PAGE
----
Release Date: April 24th, 2009 MPAA Rating: PG-13
Director: Dito Montiel Actors: Channing Tatum, Terrence Howard, Zulay Henao, Michael Rivera, Flaco Navaja
ighting” capitalizes on the basic entertainment value derived from audiences’ desire to see an underdog rise from the ashes and emerge victorious. Upon closer inspection, the protagonist proves not to be much of an underdog; but at least his battles against adversity and increasingly stronger opponents come with several camera tricks and creative sound effects to emphasize a high level of intensity and brutality, even without the appropriate amount of bloodletting. Channing Tatum convincingly plays the unrefined and uneducated Southern fighter, while Terrence Howard mimics a more iconic hustler. Although the film succeeds in the thrills of ruthless street fighting, it sadly falters in the original story department.
Young Shawn MacArthur (Channing Tatum) is reduced to selling bootlegs on the streets to survive in his newfound home of New York City. But his situation quickly changes when he meets hustler and con man Harvey Boarden (Terrence Howard), who introduces him to the dangerous and highly profitable world of underground street fighting. As he rapidly rises to the top, Shawn’s unwavering code of honor and his troubled past will find him in the match of his life – and a grave struggle just to stay alive.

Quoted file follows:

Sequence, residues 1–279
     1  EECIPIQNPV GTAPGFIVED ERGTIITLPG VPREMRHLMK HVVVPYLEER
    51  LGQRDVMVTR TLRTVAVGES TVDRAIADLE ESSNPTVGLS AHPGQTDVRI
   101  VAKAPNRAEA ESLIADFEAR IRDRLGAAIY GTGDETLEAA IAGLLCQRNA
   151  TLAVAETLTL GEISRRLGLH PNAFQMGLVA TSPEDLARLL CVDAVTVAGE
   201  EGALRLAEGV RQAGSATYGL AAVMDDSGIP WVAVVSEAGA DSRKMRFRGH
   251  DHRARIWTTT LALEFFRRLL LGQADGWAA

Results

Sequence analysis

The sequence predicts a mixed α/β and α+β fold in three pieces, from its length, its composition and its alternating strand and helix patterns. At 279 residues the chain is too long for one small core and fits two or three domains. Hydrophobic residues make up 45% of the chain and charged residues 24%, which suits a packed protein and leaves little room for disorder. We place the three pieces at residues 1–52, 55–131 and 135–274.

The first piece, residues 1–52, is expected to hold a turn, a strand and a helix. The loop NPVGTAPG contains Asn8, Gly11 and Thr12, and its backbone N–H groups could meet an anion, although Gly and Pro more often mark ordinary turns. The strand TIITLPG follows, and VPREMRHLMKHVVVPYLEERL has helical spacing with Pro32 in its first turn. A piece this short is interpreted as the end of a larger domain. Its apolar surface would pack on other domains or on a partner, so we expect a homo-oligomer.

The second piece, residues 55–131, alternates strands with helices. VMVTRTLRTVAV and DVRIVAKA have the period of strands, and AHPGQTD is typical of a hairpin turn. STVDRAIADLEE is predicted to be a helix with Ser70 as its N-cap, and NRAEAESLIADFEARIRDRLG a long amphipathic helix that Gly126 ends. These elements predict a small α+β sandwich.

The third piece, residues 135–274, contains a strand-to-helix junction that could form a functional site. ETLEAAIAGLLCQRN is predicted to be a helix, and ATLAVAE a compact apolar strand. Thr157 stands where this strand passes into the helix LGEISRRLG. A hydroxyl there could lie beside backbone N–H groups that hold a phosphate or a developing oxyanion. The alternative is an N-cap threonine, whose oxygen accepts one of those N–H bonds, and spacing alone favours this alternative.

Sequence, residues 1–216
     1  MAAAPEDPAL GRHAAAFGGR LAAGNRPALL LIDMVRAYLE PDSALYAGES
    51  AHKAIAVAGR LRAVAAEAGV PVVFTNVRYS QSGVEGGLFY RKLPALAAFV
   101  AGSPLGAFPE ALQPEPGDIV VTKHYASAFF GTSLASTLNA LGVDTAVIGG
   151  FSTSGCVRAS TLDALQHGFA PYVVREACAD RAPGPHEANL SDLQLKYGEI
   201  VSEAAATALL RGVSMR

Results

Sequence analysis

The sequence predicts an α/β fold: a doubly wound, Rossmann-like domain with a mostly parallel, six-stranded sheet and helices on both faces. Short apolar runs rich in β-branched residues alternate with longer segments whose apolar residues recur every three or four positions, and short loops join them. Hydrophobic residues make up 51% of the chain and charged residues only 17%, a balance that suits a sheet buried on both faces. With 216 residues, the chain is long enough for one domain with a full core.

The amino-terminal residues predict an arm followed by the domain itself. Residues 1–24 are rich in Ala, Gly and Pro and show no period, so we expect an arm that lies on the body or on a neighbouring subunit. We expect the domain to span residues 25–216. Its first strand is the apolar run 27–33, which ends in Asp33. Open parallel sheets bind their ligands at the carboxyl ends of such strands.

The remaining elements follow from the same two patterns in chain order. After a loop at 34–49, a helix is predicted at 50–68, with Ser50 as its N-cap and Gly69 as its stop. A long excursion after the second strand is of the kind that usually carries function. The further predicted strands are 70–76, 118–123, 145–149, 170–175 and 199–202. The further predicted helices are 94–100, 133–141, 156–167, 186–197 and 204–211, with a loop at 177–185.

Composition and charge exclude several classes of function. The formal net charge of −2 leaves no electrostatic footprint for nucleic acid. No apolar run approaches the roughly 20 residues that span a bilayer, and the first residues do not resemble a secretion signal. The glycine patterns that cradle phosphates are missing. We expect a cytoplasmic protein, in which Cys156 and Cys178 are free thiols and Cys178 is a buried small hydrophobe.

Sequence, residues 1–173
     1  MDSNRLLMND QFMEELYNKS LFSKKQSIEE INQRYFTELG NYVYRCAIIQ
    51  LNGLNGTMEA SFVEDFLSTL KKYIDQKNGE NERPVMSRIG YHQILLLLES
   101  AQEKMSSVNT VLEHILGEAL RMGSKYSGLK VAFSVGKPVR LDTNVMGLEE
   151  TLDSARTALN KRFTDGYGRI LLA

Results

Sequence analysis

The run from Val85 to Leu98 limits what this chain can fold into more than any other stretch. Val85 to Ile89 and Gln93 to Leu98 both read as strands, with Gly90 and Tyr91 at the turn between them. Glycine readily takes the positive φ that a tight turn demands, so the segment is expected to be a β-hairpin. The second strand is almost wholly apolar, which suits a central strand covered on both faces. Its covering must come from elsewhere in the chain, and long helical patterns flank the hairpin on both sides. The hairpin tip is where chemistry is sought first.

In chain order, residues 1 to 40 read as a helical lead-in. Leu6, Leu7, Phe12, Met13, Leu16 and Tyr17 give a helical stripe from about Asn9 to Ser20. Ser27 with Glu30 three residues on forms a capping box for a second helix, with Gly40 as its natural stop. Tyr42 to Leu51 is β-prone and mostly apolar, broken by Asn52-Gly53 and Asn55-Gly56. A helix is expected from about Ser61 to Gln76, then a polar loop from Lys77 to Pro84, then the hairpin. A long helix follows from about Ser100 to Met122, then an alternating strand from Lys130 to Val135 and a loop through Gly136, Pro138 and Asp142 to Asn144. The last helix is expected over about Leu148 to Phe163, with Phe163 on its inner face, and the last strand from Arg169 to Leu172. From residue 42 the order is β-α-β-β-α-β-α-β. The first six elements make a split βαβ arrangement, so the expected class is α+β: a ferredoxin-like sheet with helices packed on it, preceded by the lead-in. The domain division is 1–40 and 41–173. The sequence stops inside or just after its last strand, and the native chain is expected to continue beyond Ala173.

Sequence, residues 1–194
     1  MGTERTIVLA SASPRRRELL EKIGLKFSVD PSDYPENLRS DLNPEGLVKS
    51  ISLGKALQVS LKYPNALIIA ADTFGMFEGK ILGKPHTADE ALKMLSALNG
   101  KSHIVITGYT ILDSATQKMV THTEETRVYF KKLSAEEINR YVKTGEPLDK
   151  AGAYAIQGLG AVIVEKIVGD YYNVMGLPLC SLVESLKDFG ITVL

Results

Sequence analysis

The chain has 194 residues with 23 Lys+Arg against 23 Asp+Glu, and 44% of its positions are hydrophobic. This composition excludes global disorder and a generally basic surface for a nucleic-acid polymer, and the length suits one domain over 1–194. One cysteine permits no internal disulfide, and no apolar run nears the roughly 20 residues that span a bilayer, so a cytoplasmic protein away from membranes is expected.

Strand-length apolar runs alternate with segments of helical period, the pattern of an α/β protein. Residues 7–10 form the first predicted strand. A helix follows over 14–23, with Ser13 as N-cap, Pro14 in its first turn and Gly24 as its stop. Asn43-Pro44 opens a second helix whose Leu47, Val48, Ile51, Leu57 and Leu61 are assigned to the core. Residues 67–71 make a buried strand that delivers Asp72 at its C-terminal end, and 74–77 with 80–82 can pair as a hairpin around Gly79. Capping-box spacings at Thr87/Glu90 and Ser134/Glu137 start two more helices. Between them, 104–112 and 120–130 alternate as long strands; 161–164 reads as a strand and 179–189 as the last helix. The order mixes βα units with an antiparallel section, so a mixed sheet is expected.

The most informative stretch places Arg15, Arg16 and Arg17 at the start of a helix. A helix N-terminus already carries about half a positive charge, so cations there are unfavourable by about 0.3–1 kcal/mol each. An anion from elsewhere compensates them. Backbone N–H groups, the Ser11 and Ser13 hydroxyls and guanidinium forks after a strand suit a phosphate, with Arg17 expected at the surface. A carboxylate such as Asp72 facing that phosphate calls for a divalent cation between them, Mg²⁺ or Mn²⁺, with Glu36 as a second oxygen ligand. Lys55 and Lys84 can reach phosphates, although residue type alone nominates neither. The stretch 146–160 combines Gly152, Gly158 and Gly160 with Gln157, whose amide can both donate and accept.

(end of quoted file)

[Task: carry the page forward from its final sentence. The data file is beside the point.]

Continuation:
Terrence Howard will likely receive plenty of praise for his role as a good-intentioned hustler, even though it almost completely duplicates Dustin Hoffman’s famous turn as “Ratso” Rizzo in “Midnight Cowboy.” And as he helps the down-on-his-luck, fish-out-of-water counterfeiter succeed in underground fighting (initially swindling him, then offering a place to stay), it’s difficult not to compare this film’s plot to the aforementioned contemporary classic, augmented with an anti-Rocky Balboa lead (complete with a very brief training montage on a subway). This is minus, of course, “Rocky’s” flawless execution.
When Shawn is most in need of money, he still insists upon his code of honor, refusing to throw a match. This is utterly ridiculous considering his reason for fighting and the fact that the fights themselves are “anything goes.” Where’s the honor in that? Apparently the trophy for integrity outweighs the desire for food and shelter, especially for someone content with living like a derelict.
At least there’s humor found in desperation and comic relief in the quagmire of hustling. The laughably bad supporting villains and perfectly cliché main rival don’t help “Fighting” with the sense of distinction so pressingly needed after swallowing the simplicity of the title. And when the first two fights establish that skills are pointless in the face of an unruly free-for-all, it’s even more difficult to care whether or not Shawn sticks to his principles, wins the girl, gains respect amongst his friends, or defeats his nemeses – all formulaically, and in that order.
– The Massie Twins